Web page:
Top Concerns CNOs Face in 2018

By Brian Hudson, SVP

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January 08, 2018

CNO Roundtable Discussion Series #1

Eight nurse leaders from across the country gathered to participate at the Avant Healthcare Professionals CNO Roundtable to share their thoughts on the challenges, solutions and opportunities that they face. In this article, Senior Vice President of Avant Healthcare Professionals, Brian Hudson, asks CNOs to address their top concerns. Below are the results:

1. Declining Reimbursement

Reimbursement for all health care services has been under pressure for several years. The result has been decreased payments across the health care ecosystem. This reduction in reimbursements puts additional stress on hospital budgets.

2. Professional Disengagement Among Staff

A high-stress work environment can cause nurse burnout which leads to disengagement in the job. Improper staffing levels caused by the nurse shortage is a factor in creating a stressful work environment. Professional growth and proper staffing levels are required to avoid disengagement.

"Getting nurses engaged with professional associations offers them a resource for career advancement and provides for consistent improvement."

- Kenya Egbonwonu, CNO, Cornerstone Healthcare Group

3. Turnover of C-Suite Colleagues

For the third consecutive year, hospital CEO turnover remains at 18 percent, according to a report by the American College of Healthcare Executives. The continuous consolidation of healthcare organizations, movement toward initiatives of care and retiring leaders from the baby boomer era are influencing these turnover rates. This constant change in hospital leadership negatively affects an organization’s care planning, often causing frustration and confusion about where the organization is headed.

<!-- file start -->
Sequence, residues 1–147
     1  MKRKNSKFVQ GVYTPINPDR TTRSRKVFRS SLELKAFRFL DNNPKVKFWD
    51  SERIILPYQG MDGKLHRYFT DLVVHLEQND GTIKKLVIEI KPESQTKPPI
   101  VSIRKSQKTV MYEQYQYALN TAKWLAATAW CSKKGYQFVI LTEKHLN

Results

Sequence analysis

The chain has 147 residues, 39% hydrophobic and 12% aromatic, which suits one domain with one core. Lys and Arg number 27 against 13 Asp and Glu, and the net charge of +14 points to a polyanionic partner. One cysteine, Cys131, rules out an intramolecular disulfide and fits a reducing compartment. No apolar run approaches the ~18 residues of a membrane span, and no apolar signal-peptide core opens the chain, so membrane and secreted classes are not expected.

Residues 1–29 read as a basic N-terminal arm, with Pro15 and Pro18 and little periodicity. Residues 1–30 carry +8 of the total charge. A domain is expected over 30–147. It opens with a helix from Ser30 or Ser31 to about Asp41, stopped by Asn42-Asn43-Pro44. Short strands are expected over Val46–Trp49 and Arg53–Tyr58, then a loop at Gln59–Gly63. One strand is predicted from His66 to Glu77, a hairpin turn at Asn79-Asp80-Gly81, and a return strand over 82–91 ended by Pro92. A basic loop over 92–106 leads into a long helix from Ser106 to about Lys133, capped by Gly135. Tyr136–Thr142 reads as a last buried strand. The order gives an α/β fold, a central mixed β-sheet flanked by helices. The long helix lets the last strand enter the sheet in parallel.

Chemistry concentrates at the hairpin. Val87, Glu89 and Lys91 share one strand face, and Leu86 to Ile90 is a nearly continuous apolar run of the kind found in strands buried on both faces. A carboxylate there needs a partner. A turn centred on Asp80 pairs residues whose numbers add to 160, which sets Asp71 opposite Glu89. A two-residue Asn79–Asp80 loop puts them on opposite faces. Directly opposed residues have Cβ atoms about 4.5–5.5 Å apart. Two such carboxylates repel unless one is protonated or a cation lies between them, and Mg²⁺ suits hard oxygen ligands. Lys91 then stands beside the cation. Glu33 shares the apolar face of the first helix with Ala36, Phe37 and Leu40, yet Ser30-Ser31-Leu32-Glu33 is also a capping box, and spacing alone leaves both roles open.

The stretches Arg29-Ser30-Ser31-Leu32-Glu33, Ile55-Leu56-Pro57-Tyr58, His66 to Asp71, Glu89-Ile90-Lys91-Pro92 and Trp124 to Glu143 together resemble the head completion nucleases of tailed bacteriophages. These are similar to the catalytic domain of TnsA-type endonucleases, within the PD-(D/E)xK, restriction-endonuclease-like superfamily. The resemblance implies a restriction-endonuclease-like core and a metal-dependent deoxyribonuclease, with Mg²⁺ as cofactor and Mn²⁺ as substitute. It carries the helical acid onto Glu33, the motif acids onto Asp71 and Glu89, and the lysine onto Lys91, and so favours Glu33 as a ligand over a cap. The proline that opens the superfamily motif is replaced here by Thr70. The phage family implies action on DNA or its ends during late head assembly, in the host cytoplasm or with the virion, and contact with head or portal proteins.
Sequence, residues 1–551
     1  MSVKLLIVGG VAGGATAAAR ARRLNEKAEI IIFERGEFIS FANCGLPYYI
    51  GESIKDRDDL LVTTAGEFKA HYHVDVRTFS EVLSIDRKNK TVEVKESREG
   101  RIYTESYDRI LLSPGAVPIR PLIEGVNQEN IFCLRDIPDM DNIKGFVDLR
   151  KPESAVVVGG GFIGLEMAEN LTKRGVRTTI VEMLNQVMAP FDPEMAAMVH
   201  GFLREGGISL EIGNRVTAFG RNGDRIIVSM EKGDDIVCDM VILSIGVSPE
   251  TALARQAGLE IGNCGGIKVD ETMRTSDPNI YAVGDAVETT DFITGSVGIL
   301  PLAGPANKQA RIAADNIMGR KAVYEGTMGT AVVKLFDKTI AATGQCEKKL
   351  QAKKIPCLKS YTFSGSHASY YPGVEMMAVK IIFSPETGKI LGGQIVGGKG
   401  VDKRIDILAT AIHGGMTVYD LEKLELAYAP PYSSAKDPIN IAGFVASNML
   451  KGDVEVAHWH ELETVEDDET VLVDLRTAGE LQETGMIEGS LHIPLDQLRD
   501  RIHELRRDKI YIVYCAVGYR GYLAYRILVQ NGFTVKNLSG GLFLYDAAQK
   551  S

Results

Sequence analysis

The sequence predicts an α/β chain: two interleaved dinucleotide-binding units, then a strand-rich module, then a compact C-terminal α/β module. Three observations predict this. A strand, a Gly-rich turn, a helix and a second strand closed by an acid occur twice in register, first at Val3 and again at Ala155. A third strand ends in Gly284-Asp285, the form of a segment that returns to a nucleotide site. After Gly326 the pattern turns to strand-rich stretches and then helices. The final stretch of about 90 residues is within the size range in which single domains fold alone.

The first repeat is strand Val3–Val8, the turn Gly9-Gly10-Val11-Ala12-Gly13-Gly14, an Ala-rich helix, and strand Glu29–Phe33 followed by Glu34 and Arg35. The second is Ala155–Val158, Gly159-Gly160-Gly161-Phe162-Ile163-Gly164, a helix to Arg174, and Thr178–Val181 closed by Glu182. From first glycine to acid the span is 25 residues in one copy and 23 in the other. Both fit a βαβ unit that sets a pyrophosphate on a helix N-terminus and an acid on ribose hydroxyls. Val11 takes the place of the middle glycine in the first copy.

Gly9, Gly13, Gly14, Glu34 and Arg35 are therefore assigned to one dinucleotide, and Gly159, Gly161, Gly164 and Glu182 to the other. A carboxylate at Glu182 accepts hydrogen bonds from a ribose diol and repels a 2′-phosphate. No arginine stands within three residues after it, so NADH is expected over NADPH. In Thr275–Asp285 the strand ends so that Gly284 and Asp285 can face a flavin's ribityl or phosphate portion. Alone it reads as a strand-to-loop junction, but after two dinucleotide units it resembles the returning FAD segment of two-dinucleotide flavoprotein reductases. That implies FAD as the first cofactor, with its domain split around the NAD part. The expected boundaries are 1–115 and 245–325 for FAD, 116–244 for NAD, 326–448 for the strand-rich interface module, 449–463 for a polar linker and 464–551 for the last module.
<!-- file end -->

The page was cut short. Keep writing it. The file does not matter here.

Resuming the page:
4. Recruitment and Retention

Location, competitive salaries and high competition for nurses are a few hurdles that hospitals face in nurse recruitment. The overall sentiment is that the nurse supply in the U.S. is constrained.

"We offer shorter shifts with higher wages to seasoned nurses to recruit them to our hospital. Offering flexibility to an experienced nurse may stall them from early retirement."

- Meg Scheaffel, CNO, Carilion Clinic

"We’ve noticed a trend in new nurses not seeing the value in longevity at an organization. They stay for two years and then they are on to the next opportunity."

- Tamara Martin, CNO, Great Plains Regional Medical Center

5. Rising Labor Costs for Contract Workers

Hospitals who struggle to attract talent rely on contract labor, such as travel nurses, to help fill the gaps in staffing. This alternative staffing approach can be costly and doesn’t provide for the long-term retention that hospitals need. International nurse staffing has been a viable option in combatting the nurse shortage due to the long-term retention that it provides and the positive impact on patient care that it has.

"We have had a lot of success with international nurses as part of our staffing solution. Understanding what environment these nurses come from and then acclimating them to our environment has been key for our retention program."

- Caroline Stewart, CNO, Citrus Memorial Hospital

6. Nurse Pipeline is Primarily Graduate Nurses

Nearly 4 million millennials will enter the nursing profession from now until 2030, according to a recent Health Affairs study. The effect that this will have on patient safety is uncertain. Too many inexperienced nurses are a concern for CNOs as the pipeline of experienced nurses depletes.